Now, almost two years after the pandemic began, these differences have almost disappeared, and blacks now make up 18 percent of all deaths from COVID-19. This is still higher than their composition in the state, but it is twice less than in the early days of the pandemic.

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According to Fr. a new report from the nationwide task force created to address racial disparities, state and local leaders worked with health professionals to change behavior to help protect entire communities.

“We felt we had no choice but to act,” Lieutenant Garlin Gilchrist told a news conference on Friday to announce the report and its results. Gilchrist, who led the task force, said he lost 27 family members and friends because of COVID-19.

“Families in Michigan lost brothers, sisters, husbands, wives, cousins, teachers, students and grandparents. And colored communities can’t wait for us. “

Gilchrist and others said the task force was focused on encouraging people in the early stages of the pandemic – long before vaccinations – to wear masks and social distance. They specifically approached people with open professions, such as public transport workers, who had to work in person and often met face to face with dozens of people a day.

Thomas Stallworth, a senior adviser to Governor Gretchen Whitmer who led the task force, said the state had spoken to employers and explained the importance of camouflage and other preventative measures for the benefit of its employees.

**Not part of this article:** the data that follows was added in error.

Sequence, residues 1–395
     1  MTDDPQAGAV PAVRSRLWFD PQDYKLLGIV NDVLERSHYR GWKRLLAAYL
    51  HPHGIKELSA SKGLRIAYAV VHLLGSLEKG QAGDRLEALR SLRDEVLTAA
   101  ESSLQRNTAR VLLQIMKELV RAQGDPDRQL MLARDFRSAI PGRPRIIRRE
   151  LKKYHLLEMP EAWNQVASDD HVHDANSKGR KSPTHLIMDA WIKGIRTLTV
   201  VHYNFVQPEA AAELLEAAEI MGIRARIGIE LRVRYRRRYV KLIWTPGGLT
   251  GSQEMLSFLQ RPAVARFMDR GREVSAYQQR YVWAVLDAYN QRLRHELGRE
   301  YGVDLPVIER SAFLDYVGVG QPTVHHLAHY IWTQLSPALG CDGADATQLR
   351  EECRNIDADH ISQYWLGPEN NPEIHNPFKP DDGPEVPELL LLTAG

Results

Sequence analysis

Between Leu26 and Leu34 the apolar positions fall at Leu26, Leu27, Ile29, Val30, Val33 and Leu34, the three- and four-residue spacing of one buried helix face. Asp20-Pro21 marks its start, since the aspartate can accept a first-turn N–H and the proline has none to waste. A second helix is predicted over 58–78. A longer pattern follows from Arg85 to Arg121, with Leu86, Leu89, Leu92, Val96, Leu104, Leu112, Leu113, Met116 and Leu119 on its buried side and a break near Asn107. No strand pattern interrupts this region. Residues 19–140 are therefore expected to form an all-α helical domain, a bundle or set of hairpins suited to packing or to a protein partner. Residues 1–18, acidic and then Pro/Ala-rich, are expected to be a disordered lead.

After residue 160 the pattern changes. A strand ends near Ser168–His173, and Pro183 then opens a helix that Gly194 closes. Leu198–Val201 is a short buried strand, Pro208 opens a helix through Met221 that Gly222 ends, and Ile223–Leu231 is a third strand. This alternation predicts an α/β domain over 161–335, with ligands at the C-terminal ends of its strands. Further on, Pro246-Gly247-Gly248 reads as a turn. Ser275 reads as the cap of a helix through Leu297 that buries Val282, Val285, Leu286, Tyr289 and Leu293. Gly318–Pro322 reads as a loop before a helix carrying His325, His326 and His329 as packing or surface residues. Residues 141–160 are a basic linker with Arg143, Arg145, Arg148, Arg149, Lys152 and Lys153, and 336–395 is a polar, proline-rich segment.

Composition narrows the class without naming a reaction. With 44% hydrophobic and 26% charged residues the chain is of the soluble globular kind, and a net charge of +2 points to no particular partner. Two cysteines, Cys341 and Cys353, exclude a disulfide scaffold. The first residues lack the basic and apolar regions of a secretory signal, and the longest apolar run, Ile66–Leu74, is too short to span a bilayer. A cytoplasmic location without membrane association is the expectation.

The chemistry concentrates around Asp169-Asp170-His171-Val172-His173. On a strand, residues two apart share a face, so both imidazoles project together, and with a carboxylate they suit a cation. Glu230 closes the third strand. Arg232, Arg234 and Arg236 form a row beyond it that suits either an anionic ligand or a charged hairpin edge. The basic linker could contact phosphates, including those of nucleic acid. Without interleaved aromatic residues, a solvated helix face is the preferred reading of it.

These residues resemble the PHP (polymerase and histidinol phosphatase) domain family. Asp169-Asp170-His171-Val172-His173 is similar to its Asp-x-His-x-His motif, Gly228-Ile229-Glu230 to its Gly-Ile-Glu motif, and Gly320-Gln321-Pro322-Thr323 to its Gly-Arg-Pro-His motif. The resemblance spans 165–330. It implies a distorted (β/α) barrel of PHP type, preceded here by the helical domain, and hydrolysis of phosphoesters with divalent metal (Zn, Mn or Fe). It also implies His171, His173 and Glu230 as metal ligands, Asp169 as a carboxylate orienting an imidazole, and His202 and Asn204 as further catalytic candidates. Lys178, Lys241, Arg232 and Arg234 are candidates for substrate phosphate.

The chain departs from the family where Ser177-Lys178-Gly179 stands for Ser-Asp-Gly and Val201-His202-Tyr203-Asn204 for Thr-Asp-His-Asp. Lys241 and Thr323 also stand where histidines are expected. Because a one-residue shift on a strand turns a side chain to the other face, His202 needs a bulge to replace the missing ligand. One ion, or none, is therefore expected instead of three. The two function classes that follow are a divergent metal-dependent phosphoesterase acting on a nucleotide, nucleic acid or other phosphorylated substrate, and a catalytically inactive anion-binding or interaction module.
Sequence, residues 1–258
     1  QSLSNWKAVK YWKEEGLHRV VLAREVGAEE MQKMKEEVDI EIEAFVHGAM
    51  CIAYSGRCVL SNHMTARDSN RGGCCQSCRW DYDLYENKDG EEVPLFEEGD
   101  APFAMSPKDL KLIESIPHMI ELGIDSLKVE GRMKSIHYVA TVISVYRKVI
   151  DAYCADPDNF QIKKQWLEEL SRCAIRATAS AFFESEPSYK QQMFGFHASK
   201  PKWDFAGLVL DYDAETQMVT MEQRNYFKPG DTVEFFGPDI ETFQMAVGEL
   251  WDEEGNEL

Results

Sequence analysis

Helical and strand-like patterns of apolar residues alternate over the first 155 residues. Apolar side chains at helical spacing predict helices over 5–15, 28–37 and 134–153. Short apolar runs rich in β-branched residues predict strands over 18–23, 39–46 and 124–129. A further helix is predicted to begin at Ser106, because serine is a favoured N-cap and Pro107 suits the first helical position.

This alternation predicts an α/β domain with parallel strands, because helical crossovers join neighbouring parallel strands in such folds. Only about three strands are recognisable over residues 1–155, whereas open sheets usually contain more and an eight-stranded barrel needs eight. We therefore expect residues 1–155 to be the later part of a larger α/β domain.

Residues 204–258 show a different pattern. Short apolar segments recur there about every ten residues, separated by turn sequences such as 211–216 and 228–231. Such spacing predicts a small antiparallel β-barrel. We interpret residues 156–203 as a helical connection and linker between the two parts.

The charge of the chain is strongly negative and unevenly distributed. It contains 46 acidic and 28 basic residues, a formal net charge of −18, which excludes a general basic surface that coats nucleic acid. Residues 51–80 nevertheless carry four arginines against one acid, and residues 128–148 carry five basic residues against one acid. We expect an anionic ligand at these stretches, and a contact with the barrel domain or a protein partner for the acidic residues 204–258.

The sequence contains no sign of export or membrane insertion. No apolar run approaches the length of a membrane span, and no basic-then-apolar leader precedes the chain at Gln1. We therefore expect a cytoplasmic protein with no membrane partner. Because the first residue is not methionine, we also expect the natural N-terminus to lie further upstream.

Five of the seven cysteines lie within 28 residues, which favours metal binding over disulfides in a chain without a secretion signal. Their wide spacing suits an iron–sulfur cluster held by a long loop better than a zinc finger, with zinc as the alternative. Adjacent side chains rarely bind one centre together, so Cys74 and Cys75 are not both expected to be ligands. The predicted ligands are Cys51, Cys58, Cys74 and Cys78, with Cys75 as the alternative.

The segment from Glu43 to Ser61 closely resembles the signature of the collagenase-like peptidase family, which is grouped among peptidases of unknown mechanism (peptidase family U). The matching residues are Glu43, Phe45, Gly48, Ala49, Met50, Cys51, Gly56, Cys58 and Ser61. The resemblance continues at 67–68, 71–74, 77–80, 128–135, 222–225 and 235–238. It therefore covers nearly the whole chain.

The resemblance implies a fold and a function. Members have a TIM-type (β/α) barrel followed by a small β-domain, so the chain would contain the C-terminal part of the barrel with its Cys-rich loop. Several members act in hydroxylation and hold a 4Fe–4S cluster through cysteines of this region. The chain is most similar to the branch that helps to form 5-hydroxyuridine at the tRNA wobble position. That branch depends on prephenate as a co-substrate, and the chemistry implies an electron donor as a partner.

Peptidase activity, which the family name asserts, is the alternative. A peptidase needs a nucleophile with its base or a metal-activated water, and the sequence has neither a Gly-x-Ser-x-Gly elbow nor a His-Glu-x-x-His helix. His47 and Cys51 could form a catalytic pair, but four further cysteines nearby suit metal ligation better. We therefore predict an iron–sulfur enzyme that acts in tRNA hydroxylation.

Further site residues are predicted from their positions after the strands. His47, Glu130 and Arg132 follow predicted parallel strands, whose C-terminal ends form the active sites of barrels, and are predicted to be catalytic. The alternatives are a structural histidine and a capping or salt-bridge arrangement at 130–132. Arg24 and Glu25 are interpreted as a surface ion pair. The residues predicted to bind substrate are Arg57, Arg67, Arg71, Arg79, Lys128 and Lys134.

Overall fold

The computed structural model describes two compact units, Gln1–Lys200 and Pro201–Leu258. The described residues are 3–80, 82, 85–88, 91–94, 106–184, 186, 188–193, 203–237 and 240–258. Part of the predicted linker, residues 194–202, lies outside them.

“They had to take action to protect their people, and they did,” Stallworth said.

These efforts seemed to work. A poll conducted by the state in 2020 found that African Americans are much more likely to wear masks. The poll found that 81 percent “always” wore them, compared to 69 percent of everyone else, the report said.

These changes may have helped change the arc of the pandemic: by August 2020, blacks accounted for 39.2 percent of deaths from COVID-19, according to COVID-19 demographic data from Bridge State, Michigan. Since then, their share has been 13.9 percent – almost equal to their share in the state.

And this despite the fact that blacks have the lowest vaccination rate in the state. While 53 percent of whites have completed vaccinations, 40 percent of blacks are fully vaccinated, according to the state. More than 80 percent of deaths from COVID-19 since January 1, 2021 are unvaccinated.

Stallworth said the task force continues to work to improve vaccination among minorities who have referred to distrust of medicine among many reasons.

In addition to noting the steps already taken – such as promoting masks and vaccines and helping more people contact doctors – the task force also made recommendations that will continue to improve the health prospects of colored communities.

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